Why a free press has to be free

HARARE - Most countries pride themselves on having a free press. A free press has to be free to make any difference to the running of a country.

In the United States, there is no pretence — as there is in many African countries — of a government-run newspaper or radio station posing as something else.

The Voice of America runs editorials everyday which are announced as representing the views of the US government. Nothing of the sort is featured in many government, TV and radio stations in Africa.

This does not necessarily exclude practices which many might translate as representing “censorship”.

My example is culled from a 1972 broadcast featuring four African journalists being interviewed on the conduct of the presidential election which featured Watergate. I represented a Zambian newspaper.

We were engaged in a freewheeling debate on the aftermath of the campaign.

The three others were from Sudan, Ethiopia and Ghana.

The convener was fair enough to let the journalists express their views as freely as they wished to. Inevitably, Richard Nixon featured as the main player in the entire debate.

Most of the criticism centred around how Watergate was allowed to occur at all. It featured the US president, running for a second term.

To save time, let’s just say in editing the film for TV, an entire section featuring Watergate was deleted. The journalists had asked pertinent questions such as: “How could the US President be allowed to go so far in trying to cheat his way into re-election?”

Was this not truly chicanery of the worst kind in a country boasting as a great democracy? The journalists were from Zambia, Sudan, Ghana and Ethiopia. Their questions and comments were what some people would describe as “high octane” content.

It made for exciting TV footage, allowing the Africans to keep wondering how all that gerrymandering could be allowed in a system supposedly guaranteed to be faultless.

All this came out only after we had viewed the TV footage back home. I asked the US official who screened it for me back in Lusaka why so many incriminating features of the film had been deleted.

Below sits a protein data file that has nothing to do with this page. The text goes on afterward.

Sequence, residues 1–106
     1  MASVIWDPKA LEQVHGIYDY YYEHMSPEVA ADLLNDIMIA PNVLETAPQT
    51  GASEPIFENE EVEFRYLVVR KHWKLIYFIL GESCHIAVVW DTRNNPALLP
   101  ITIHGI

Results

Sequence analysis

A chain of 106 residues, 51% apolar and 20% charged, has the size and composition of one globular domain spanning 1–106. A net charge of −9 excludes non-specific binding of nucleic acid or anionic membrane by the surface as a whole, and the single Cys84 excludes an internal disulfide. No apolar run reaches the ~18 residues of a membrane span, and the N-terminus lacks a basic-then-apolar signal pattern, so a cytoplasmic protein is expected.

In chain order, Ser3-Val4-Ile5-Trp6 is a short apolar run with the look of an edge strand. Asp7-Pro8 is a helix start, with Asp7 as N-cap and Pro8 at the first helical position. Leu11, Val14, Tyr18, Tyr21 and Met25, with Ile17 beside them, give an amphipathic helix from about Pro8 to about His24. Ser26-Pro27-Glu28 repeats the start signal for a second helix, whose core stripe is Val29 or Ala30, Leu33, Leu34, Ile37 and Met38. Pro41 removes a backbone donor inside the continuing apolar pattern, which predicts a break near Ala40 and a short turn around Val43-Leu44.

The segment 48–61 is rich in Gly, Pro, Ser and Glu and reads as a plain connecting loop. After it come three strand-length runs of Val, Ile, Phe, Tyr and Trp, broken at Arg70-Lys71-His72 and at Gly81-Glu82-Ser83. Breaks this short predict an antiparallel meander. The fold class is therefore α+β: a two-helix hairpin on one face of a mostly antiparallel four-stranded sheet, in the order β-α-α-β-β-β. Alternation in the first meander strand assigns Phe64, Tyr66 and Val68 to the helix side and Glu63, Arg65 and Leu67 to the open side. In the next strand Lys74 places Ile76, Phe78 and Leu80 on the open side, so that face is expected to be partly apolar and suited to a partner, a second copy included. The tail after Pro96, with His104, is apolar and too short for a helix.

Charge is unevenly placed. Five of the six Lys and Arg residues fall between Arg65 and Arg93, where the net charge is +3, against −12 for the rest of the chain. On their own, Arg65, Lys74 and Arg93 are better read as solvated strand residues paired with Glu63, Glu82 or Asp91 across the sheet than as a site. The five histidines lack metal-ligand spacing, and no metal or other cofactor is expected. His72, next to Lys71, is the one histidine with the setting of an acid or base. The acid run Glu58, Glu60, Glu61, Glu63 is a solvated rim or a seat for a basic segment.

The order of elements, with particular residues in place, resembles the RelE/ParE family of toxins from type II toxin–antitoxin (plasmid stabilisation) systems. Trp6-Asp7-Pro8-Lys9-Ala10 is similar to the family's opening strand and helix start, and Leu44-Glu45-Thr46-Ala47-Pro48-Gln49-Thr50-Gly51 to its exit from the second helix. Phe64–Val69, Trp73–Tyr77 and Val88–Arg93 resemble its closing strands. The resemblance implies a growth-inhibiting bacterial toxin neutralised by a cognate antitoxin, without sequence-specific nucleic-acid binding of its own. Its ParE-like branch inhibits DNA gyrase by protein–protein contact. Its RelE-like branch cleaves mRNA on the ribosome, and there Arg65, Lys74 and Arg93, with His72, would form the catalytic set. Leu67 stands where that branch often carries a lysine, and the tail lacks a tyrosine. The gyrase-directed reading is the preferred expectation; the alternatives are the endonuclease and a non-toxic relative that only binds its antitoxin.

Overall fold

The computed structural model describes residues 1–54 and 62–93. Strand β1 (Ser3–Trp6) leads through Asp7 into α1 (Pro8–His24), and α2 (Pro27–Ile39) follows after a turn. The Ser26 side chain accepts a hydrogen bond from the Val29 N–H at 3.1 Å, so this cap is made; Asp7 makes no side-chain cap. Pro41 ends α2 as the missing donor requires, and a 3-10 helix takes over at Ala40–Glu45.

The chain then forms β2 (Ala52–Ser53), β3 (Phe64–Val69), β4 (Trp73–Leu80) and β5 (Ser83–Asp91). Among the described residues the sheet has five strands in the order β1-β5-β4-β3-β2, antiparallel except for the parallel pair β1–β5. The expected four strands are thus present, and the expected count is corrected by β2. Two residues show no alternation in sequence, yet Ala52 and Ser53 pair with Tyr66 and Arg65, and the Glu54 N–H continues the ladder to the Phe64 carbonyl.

“I don’t know,” he said. You could not accuse him of having “doctored” the film. We suspected Washington had done the dirty work.

In general, I take the view that, if they can do it without getting caught, most governments will lie their way out of a sticky situation.

But having worked for government newspapers in Zambia and Zimbabwe, I can swear that the practice is more prevalent in Africa and other Third World countries than anywhere else.

In many African and Asian countries, mostly, journalists have been harassed — and often jailed — for insisting on publishing what they believed to be the “facts” and not what the government-owners of the papers insisted were not “cooked up” stories.

There is, in Africa, particularly, a very casual attitude towards the “sacredness” of the facts.

In many cases, the editors are persuaded or even bribed by their employers to peddle “untruths”, if they can get away with it.

In the two largest democracies (?) on the continent, South Africa and Nigeria, there have been practices described by some critics as pandering to the whims of the ruling regimes.

Most of the upheavals on the continent could be ascribed to a lackadaisical attitude by the media to handle the truth — mostly out of fear.

The horrors committed by Boko Haram in Nigeria and the police brutality at Marikana in South Africa could be examples.

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